Streetcars " glide" because electric power provides silky smooth acceleration. Buses "belch" because of the ugly diesel engines. At the end of the day, people want to live near the electric line, not the diesel line.

As all buses move to EV technology, I think you'll see the stigma around the bus change, and with it, the use of transit will rise as the vehicle becomes more attractive.

Electric buses, both powered by wire and battery already exist. On the battery side of things, the cost, reliability and efficiency isn't quite there yet for most transit agencies to take the plunge. The government has spent millions working to improve EV technology, but wouldn't it be better to focus on the short term on EV buses? Especially considering that one of the biggest barriers to batteries in cars is space (no one wants to sacrifice their trunk) - obviously not an issue with the city bus.

Cleaner air, quieter streets, and more transit riders. That's quite the package, and I think, quite the revolution.


4 comments:

  1. Electric buses have already been around for 100 years or so, in the form of trolleybuses. Newer models have limited off-wire capability thanks to modern battery technology, and there are also dual-mode buses that can run on diesel or overhead power. Trolleybuses also last longer than diesels, thanks to not having the vibration of the diesel engine shaking the bus apart, and require less maintenance, even if you take into account maintenance of the overhead wire system. And like any electric vehicle, they have far better acceleration, especially at low speeds.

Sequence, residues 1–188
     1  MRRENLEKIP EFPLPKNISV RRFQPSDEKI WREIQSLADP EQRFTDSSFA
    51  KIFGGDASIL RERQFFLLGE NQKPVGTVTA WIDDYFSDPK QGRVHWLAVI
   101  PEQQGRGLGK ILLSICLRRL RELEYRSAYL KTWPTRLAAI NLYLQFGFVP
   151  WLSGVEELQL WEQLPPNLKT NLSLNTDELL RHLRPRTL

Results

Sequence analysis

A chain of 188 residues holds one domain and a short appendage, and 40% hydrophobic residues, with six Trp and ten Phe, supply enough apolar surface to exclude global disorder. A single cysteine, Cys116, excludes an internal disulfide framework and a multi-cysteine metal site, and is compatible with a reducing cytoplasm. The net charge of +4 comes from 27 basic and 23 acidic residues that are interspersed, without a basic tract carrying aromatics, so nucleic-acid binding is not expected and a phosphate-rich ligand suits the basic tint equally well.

But they're not not very widespread in the US, and the obvious question is why not? I suspect part of it is that historically, gas has been very cheap compared to electricity. Another part is that a trolleybus network requires a significant investment in infrastructure and upkeep, and that's a tough sell for a declining system, as was the case for most of te US for the 1950s-80s. Finally, because there aren't very many trolleybus systems, the buses themselves are expensive, because there aren't as many economies of scale.
    So what can the federal government do? Well, instead of throwing subsidies at fuel cells and EVs and technologies of the future, they can subsidize any city that wants to wire its bus network and buy trolleybuses.

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    1. In many places, people are simply against the wires. Its not logical because ugly traffic signals are ok...

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  2. The thing is, once asphalt starts becoming expensive (...and it will), it starts being cheaper to run streetcars/interurbans rather than electric buses.

    I have nothing against trolleybuses and battery buses are great too. But once the economics start tilting towards them, the economics will *also* be tilting towards rail and away from roads. Streetcars last longer than trolleybuses, *and* the track lasts longer than the roads; roads are popular because asphalt is cheap.

    I expect a lot of rural areas to revert to dirt roads, or at least gravel. Urban areas might return to brick.

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    1. I agree that gravel will make a comeback